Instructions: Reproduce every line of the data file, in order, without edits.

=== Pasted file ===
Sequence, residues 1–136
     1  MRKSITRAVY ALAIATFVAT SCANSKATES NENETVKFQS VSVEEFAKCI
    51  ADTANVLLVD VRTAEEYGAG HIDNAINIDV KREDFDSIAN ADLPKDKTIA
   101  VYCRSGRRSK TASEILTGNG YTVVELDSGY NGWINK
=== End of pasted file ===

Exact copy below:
Sequence, residues 1–136
     1  MRKSITRAVY ALAIATFVAT SCANSKATES NENETVKFQS VSVEEFAKCI
    51  ADTANVLLVD VRTAEEYGAG HIDNAINIDV KREDFDSIAN ADLPKDKTIA
   101  VYCRSGRRSK TASEILTGNG YTVVELDSGY NGWINK